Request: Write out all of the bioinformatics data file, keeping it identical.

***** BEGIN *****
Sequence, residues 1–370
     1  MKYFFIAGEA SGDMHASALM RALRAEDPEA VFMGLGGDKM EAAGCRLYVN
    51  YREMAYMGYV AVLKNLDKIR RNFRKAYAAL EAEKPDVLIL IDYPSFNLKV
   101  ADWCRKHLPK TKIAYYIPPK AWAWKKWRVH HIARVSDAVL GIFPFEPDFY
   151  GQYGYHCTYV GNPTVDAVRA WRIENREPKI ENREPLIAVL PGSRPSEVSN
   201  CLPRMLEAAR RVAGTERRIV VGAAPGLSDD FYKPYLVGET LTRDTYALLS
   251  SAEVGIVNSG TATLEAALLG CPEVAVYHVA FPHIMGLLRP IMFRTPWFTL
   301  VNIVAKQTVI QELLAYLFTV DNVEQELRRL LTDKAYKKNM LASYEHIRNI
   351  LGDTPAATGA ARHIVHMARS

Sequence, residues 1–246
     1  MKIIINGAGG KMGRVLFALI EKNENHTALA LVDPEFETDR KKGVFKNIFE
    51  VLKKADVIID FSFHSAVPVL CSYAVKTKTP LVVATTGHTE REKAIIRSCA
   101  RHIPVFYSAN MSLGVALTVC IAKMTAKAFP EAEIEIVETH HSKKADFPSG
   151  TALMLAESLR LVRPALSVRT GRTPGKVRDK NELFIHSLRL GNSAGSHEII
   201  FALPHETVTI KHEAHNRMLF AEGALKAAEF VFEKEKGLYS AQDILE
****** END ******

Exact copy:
Sequence, residues 1–370
     1  MKYFFIAGEA SGDMHASALM RALRAEDPEA VFMGLGGDKM EAAGCRLYVN
    51  YREMAYMGYV AVLKNLDKIR RNFRKAYAAL EAEKPDVLIL IDYPSFNLKV
   101  ADWCRKHLPK TKIAYYIPPK AWAWKKWRVH HIARVSDAVL GIFPFEPDFY
   151  GQYGYHCTYV GNPTVDAVRA WRIENREPKI ENREPLIAVL PGSRPSEVSN
   201  CLPRMLEAAR RVAGTERRIV VGAAPGLSDD FYKPYLVGET LTRDTYALLS
   251  SAEVGIVNSG TATLEAALLG CPEVAVYHVA FPHIMGLLRP IMFRTPWFTL
   301  VNIVAKQTVI QELLAYLFTV DNVEQELRRL LTDKAYKKNM LASYEHIRNI
   351  LGDTPAATGA ARHIVHMARS

Sequence, residues 1–246
     1  MKIIINGAGG KMGRVLFALI EKNENHTALA LVDPEFETDR KKGVFKNIFE
    51  VLKKADVIID FSFHSAVPVL CSYAVKTKTP LVVATTGHTE REKAIIRSCA
   101  RHIPVFYSAN MSLGVALTVC IAKMTAKAFP EAEIEIVETH HSKKADFPSG
   151  TALMLAESLR LVRPALSVRT GRTPGKVRDK NELFIHSLRL GNSAGSHEII
   201  FALPHETVTI KHEAHNRMLF AEGALKAAEF VFEKEKGLYS AQDILE